8 Photographic Compositions an Amateur Can Try
Why do we take pictures? Whether it is for a hobby or for promotions, we
generally take photos for others to see. Did you ever wonder why some friends’
photos get a thousand hits and yours only get a handful? It is absolutely not
about the camera you brag about but your composition of pictures. Remember that
when you take photos, you should be able to produce something others consider to
be worth seeing. There is no single standard of what is right in photography,
but there are techniques that can make your photos stand out.
What is Photo Composition?
Photo composition is the arrangement of elements that makes the resulting
images valuable works of art. It is organizing the position of these elements in
your camera frame that adheres to the more popular artistic principles. Its
purpose is to capture subjects that are visually compelling for people to see.
Essentially, it means that when you take photos, it is not about seeing
something great that triggers pressing the shutter, but how you shoot them. Poor
photo composition skills can spoil even the most beautiful subject one can find.
In contrast, great compositions can make great images out of the most ordinary
How to Take Great Pictures
Generally speaking, taking a photo is easy. With modern cameras, all it takes
is a press on the shutter. What is essential, however, in taking excellent shot
at a chosen subject is composition. With an interesting subject, the
photographer is challenged to put together elements like lighting and framing
styles to produce great photos. Every photographer sees things differently. This
means that even when given a single subject, they would usually produce
compelling shots with distinct angles and styles.
You don’t have to be a professional to take great photos. Here are the basic
rules even the most popular photographers employ:
1) Center of Interest. When taking photos, look for a subject you find
attractive. When you have finally decided which among the variety of things
around you want to focus on, frame it on your camera. Be sure, though, that your
subject is the only thing that stands out. This means that when someone sees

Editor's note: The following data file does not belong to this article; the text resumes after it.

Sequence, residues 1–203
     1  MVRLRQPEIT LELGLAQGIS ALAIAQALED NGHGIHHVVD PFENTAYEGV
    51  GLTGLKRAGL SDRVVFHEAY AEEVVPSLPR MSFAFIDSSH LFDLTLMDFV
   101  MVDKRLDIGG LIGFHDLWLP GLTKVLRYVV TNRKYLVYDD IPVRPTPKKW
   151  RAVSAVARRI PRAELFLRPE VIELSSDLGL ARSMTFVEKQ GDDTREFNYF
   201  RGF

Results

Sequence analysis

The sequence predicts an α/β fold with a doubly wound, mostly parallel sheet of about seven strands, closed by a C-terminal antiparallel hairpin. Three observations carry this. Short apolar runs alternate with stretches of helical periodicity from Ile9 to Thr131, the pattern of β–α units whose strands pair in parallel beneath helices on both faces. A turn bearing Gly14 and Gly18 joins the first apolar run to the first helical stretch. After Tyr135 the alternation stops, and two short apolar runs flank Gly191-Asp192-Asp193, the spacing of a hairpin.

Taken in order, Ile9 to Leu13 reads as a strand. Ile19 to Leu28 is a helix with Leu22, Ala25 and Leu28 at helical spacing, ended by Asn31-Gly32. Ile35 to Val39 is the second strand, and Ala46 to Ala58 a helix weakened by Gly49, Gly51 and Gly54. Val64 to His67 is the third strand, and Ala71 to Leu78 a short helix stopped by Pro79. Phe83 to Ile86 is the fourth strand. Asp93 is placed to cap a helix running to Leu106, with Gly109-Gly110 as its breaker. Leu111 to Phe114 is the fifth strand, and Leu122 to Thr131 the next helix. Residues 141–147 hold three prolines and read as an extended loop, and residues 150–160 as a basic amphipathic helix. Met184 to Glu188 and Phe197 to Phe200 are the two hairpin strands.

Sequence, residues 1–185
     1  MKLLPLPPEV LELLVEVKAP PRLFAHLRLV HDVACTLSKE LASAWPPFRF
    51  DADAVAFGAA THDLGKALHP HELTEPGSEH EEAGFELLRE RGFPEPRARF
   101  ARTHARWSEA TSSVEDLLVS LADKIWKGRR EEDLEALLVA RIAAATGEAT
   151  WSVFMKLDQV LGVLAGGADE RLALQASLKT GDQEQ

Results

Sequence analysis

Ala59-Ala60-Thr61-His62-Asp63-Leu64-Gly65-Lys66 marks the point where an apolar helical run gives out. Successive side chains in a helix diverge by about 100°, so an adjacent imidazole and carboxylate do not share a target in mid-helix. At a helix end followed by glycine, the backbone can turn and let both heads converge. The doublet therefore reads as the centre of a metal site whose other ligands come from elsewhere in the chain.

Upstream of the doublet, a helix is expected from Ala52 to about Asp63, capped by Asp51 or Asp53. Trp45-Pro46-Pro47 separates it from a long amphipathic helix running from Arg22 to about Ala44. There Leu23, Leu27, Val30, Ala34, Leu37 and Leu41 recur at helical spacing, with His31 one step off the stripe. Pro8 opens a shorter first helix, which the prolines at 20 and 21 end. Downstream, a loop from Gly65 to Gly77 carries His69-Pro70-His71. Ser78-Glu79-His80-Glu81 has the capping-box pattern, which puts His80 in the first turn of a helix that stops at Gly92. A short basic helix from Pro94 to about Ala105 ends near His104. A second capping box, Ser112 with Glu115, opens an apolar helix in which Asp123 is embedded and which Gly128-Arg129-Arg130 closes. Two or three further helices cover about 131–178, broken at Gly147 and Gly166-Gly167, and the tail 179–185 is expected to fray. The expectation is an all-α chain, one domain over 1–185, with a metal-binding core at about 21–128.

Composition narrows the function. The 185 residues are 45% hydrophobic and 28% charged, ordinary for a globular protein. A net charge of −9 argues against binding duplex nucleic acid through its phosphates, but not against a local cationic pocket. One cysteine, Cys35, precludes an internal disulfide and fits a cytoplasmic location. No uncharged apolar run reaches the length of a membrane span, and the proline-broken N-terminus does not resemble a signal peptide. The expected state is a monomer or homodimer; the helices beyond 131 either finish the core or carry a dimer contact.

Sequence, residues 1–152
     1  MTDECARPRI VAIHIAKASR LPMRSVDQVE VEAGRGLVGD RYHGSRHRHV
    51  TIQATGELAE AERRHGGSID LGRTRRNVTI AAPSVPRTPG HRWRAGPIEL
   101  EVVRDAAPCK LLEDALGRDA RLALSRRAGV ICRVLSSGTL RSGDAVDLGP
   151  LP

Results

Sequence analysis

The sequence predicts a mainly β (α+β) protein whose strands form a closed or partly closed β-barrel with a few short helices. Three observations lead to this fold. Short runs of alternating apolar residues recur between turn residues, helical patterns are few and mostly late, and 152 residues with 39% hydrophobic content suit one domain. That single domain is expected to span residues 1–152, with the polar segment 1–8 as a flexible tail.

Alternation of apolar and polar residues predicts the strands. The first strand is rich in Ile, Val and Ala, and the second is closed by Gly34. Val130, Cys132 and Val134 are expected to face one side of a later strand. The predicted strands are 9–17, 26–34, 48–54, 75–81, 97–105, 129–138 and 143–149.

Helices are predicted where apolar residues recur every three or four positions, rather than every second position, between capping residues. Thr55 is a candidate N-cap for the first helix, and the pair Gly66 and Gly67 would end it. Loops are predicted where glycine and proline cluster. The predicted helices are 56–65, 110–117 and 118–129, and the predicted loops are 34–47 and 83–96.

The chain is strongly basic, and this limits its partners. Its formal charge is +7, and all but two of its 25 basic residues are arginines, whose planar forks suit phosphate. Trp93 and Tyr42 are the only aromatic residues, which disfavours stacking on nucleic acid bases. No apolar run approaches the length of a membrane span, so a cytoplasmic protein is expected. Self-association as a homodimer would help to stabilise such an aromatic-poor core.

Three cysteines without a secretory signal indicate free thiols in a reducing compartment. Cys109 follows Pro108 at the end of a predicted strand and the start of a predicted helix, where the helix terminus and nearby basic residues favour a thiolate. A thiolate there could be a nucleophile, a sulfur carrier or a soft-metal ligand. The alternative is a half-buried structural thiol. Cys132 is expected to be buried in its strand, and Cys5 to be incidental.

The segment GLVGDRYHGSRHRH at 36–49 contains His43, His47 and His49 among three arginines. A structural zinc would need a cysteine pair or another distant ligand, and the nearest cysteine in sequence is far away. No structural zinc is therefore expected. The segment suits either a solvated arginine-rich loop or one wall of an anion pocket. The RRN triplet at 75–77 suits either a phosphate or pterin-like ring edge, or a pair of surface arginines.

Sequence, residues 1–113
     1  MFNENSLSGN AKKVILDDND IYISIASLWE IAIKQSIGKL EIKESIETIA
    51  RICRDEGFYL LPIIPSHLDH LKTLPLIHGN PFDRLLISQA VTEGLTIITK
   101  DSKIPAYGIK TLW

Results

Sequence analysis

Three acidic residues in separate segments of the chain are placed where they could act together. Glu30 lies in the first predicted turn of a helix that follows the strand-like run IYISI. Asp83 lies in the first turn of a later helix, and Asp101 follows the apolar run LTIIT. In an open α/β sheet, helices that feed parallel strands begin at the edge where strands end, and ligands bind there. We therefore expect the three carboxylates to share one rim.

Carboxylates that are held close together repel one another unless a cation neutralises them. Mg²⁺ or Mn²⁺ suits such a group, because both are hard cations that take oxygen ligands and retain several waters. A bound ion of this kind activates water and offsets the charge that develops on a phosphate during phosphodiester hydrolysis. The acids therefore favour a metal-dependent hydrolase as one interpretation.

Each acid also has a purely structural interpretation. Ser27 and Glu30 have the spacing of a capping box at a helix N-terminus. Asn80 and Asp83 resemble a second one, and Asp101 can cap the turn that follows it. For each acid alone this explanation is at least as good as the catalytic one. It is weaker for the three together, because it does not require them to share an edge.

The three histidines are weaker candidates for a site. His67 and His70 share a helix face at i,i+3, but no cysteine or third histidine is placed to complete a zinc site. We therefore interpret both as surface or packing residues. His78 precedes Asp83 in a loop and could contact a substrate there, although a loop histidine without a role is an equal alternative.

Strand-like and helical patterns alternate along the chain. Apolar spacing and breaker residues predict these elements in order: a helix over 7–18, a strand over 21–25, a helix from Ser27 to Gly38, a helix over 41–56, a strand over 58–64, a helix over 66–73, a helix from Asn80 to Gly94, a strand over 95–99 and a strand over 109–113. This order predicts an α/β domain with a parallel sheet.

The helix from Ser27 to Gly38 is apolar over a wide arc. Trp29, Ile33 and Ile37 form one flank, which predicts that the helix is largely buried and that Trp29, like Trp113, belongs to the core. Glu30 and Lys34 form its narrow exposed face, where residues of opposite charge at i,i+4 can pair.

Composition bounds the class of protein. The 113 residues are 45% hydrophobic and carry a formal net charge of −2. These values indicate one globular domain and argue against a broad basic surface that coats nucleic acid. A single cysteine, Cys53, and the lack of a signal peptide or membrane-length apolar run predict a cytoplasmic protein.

your picture, it is the first thing that can draw attention. With so much
clutter in your picture, your point of interest will be lost. Decide only on one
thing to stand out. If it’s just so impossible to isolate your subject from its
background, make use of the control called depth of field to blur the background
and make your subject the only thing that’s visible.
2) Framing. Another type of photo composition, framing, is taking a picture
with your subject placed behind a structure that makes viewers imagine where you
are when it was taken. It is putting something like leaves or branches or even
window frames as foreground leading to the subject of the photo. Taken from its
name, subjects look like they were enclosed, partly or fully. The bricks on this
picture were used as a frame. It is wise to remember that frames should not be
too distinct to draw attention away from the subject, making it a distraction.
3) Direction of Movement. When taking a picture of a moving subject, it is
best to leave a space to where it is heading. This is called “the active space.”
This technique caters to a quite instinctive act of viewers to move eyes
naturally to the direction where your subject is moving to. Consequently, it
helps add drama and anticipation in your shot.
4) Contrast. A light colored subject placed against a darker background or
vice versa creates an impact. The most popular kind of this makes use of black
and white colors. The moon and the star against the sky tells us that the two
are the only things that shine in a wide darkness.
5) Balance. Can be considered symmetric or asymmetric, placing the subject
off the center of the frame creates greater impact. This can be done by
balancing an off-center subject with other minor subjects or images. Here, the
rocks on the left occupy almost the same amount of space as the water and the
Taking photos of subjects directly at eye level can be good,
but snapping images from a different angle is better. When composing photograph
following viewpoint, you can move the camera up, down, or on any side of your
subject. Taking photos and conveying meaning from a different perspective gives
your images an interesting twist. Here, a century-old lighthouse was
photographed from below.
7) Lines and Diagonals. When lines or shapes are captured leading to
different directions, intersecting at some point or from different viewpoints,
they create a sense of action. When the linear elements are repeated, it creates
effective patterns that are eye-catching. Here, a round staircase, photographed
from below, creates a curving image of intersecting lines and rectangles in a
8) The Rule of Thirds. Perhaps the most popular photographic composition
style, this is based on the fact the eyes would easily noticed images placed
about two-thirds up or down the page. This can be done by creating imaginary
lines that divides the frame into nine equal squares. A subject can be put along
the intersection of these lines. Most digital cameras have this function, making
it easier to compose a more dramatic image. Here, the fountain was placed on the
two-third intersections on the lower left.
Final Clicking Tips:
There is no specific “right” or “wrong” when taking photos as there are
endless ways to snap an interesting subject. Whether you are having the most
simple or hi-tech camera, you need the knowledge on photographic compositions to
capture images interesting enough for people to look at. An excellent
photographer can make or break rules creatively to produce pictures worthy to be
considered works of art.
Taking Pictures With 24mm (or less) Lenses
How To Get A Wider View With Fisheye Lenses
How To Take Pictures In Infrared
8 Photographic Compositions an Amateur Can Try
Beginners’ Guide to Taking Photos